Recall that I mentioned that you might assume performing 10 repetitions with your 10RM weight involves more work that performing 15 reps with your 15RM weight. I pointed out that although the 10RM load is heavier, the 15RM load requires more work during the set of 15 reps.

Let's use Eq. (6) to see how this is determined. Note that your 15RM weight is roughly 62.5% of your 1RM weight, and your 10RM weight is roughly 75% of your 1RM weight [1]. Thus, the fractional values are 0.625 and 0.75, respectively. Using these fractional values in Eq. (6) gives

where we included the units ft-lbs in parentheses to remind ourselves that we're dealing with work values. Clearly, you'll perform more work by doing 15 reps with your 15RM than by doing 10 reps with your 10RM. This is so even though your 10RM weight feels considerably heavier than your 15RM weight. This suggests that perceived effort and work are not synonymous!

Suppose that you want to use your 10RM weight, but you want to perform the same work as you would by doing 15 reps with your 15RM weight. Is this possible? Well, yes; but only if you perform another set of about 3 reps. Let's use the following graph to see how this works.

This is the same graph as before, with the exception that I've removed some lines that don't concern us and added some dashed lines to simplify using the graph. As you can see, all the original colored lines are gone except those for R = 10, 12, 13, and 15 reps.

Notice the vertical dashed line representing a fractional value of 0.75. The location where the 0.75-line crosses over the green line represents the end of your 10-rep set. At that point, you've performed 7.5 ft-lbs of work, which is represented by a horizontal, blue dashed line. The work you want to perform is represented by the intersection of the 0.75-line and a horizontal, red dashed line, which represents 9.375 ft-lbs.

Now take a look at the light-yellow line; it represents 12 reps (i.e., R = 12). The location where the light-yellow line crosses the 0.75-line is the work you'll perform by doing a total of 12 reps with your 10RM weight. As you can see, the location where the light-yellow line crosses the 0.75-line is below the red dashed line. This tells us that you'll have to do a bit more than a total of 12 reps with your 10RM weight if you want to perform 9.375 ft-lbs of work.

Just above the light-yellow line is a light-blue line which represents 13 reps (i.e., R = 13). The light-blue line crosses the 0.75-line at a location well above the red dashed line. This implies that doing a total of 13 reps with your 10RM will put you a little above 9.375 ft-lbs of work. Therefore, you'll have to do a first set of 10 reps, followed by a second set of 3 reps in order to perform 9.375 ft-lbs of work.

Equivalently, you could perform 8 reps in the first set and then perform 5 reps in the second set. The way in which you divide the reps between the two sets has no bearing on the total work performed so long as you're lifting your 10RM load for a total of 13 reps.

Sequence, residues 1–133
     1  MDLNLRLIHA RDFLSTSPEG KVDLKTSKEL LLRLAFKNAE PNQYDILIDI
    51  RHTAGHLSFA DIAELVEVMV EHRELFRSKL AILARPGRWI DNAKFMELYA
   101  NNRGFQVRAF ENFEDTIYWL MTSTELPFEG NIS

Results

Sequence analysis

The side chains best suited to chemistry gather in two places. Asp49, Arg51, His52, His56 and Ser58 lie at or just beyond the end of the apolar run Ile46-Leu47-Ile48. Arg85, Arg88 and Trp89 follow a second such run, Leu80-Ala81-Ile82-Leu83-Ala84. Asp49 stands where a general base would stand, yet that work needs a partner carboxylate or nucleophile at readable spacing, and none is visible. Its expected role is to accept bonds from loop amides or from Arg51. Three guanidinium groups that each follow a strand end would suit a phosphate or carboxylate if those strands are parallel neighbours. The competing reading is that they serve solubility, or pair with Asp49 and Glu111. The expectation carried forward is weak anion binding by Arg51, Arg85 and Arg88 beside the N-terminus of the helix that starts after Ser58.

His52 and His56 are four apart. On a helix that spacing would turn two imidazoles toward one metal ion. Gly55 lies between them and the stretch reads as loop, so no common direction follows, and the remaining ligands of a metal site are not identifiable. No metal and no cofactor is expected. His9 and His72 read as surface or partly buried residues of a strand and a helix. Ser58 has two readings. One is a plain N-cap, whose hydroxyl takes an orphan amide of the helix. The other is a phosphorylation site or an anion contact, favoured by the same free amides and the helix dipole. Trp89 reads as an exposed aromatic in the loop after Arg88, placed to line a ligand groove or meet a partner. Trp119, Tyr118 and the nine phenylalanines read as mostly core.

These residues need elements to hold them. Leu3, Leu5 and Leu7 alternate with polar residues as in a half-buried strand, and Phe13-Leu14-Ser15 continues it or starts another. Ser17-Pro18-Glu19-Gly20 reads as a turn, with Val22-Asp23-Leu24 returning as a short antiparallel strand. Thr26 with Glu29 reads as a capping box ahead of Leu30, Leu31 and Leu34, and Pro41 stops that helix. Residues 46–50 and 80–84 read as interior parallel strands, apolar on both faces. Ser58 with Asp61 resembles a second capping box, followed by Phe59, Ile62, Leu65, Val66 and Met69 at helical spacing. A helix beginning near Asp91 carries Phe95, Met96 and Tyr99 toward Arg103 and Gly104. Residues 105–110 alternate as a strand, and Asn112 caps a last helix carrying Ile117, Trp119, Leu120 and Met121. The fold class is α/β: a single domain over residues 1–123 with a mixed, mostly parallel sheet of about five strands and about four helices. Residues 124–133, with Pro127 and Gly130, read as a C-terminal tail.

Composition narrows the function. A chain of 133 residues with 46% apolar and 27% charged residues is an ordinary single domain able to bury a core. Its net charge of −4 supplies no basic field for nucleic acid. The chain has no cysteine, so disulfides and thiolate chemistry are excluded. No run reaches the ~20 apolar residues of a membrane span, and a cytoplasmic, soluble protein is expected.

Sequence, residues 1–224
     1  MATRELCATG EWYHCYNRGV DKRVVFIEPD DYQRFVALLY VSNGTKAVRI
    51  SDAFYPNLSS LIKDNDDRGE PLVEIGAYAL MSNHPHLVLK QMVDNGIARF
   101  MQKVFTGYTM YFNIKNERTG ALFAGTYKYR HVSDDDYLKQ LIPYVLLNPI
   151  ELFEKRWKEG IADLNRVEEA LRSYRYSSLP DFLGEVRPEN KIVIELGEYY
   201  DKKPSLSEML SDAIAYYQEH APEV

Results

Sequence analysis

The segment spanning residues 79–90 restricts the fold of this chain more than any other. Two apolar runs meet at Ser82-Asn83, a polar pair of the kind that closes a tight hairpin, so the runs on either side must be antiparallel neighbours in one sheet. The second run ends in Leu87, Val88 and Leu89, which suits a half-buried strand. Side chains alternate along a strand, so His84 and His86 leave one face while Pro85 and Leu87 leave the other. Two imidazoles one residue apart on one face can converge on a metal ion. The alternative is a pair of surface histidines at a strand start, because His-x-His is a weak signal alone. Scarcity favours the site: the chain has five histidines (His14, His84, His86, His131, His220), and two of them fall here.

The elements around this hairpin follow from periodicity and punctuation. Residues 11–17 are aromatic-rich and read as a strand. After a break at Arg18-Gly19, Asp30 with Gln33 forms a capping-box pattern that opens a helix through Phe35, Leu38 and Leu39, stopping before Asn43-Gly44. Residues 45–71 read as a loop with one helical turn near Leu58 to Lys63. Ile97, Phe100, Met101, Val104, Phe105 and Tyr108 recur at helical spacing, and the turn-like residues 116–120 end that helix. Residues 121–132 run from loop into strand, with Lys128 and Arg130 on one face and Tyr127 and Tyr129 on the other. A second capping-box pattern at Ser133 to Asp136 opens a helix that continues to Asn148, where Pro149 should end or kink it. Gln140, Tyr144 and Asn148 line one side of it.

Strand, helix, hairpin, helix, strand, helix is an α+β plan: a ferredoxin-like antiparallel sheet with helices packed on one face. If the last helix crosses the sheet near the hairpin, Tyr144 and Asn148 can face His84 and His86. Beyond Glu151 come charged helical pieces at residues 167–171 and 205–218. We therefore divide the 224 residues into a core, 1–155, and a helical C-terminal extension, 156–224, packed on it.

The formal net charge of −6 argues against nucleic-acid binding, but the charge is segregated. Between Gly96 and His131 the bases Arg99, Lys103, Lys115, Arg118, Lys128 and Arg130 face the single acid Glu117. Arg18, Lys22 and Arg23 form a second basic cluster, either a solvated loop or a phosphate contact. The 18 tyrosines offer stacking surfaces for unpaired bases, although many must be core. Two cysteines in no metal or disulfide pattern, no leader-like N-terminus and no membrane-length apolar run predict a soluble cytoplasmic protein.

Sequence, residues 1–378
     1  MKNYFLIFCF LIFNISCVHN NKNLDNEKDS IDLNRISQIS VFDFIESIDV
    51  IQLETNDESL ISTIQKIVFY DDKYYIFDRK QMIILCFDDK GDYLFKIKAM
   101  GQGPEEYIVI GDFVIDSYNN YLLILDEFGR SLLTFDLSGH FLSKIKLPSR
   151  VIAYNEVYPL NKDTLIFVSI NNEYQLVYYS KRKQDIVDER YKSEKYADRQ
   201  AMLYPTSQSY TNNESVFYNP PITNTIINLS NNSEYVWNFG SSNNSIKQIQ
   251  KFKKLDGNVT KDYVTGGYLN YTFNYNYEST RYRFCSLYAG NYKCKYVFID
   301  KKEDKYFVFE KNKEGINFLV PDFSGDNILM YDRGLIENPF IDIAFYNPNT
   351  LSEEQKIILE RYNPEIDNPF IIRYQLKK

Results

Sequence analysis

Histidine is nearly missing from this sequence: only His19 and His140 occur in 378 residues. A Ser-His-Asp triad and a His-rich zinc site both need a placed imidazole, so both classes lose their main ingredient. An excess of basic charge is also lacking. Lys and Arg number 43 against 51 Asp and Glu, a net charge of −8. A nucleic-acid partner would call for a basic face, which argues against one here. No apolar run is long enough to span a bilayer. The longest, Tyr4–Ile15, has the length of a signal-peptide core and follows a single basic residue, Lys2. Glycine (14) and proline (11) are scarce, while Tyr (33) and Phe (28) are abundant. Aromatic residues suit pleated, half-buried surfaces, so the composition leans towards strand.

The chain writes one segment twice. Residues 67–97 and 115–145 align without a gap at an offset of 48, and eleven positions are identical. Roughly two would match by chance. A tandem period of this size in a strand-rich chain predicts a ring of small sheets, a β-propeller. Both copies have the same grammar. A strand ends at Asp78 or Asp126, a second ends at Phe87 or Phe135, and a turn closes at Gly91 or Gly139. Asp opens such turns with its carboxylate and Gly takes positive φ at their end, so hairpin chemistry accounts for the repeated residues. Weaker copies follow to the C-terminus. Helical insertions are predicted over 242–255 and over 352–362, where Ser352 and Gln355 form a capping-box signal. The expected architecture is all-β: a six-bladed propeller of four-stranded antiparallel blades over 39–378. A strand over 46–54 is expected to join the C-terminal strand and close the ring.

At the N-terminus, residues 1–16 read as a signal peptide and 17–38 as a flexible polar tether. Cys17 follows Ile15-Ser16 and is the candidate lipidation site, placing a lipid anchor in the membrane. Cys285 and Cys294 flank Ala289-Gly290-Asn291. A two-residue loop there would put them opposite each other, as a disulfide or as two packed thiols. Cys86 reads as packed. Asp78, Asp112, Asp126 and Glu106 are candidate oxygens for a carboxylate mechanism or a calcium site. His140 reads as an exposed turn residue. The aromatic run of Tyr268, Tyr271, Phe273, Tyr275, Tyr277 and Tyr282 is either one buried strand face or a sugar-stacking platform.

Although analyzing 2 sets totaling 13 reps may seem simplistic, the techniques presented can be very useful for analyzing the level of work performed throughout a training program. Of particular interest is how the work changes when you switch to different rep-ranges within a training program. Finding this out is an objective of a future part in this series.

Closing Thoughts

In the preceding sections, we reviewed the physical concepts underlying work. I then demonstrated simple techniques for applying the equation for work to our training. This was accomplished by simplifying the equation to make it more training-specific and then using simple graphical methods.

Graphs are particularly useful because then enable you to get a "bird's eye" view of an entire spectrum of your performance. Graphs also enable you to see more clearly how various training parameters change relative to one another, and thus you can see how they ultimately affect the progression of your training.

One thing that became readily apparent is that work doesn't distinguish between reps and sets. The level of work that you perform is affected only by the total number of repetitions that you perform, and has nothing to do with the number of sets. This implies that you can perform an increasing level of work by increasing the weight you can lift in one set, or by increasing the total number of reps you can perform with a particular weight for several sets.

In Part 2, we'll take a look at the concept of power and techniques for analyzing the level of power you perform in your training. As you'll find, an interesting thing about power is that simply hoisting heavy weights for more and more reps and sets does not necessarily increase your power output. The time spent during each set must be taken into account, as well. The longer it takes you to lift a weight, the lower your power output is for the lift.


  1. Hatfield, Frederick C., Fitness: The Complete Guide, International Sports Sciences Association, 7th Ed., p. 5.18.
  2. Ridgely, Charles T., "Determination of Repetition Maximums,", February 2004, [ online ]
  3. Ridgely, Charles T., "Creating a Repetition Maximums Calculator,", October 2004, [ online ]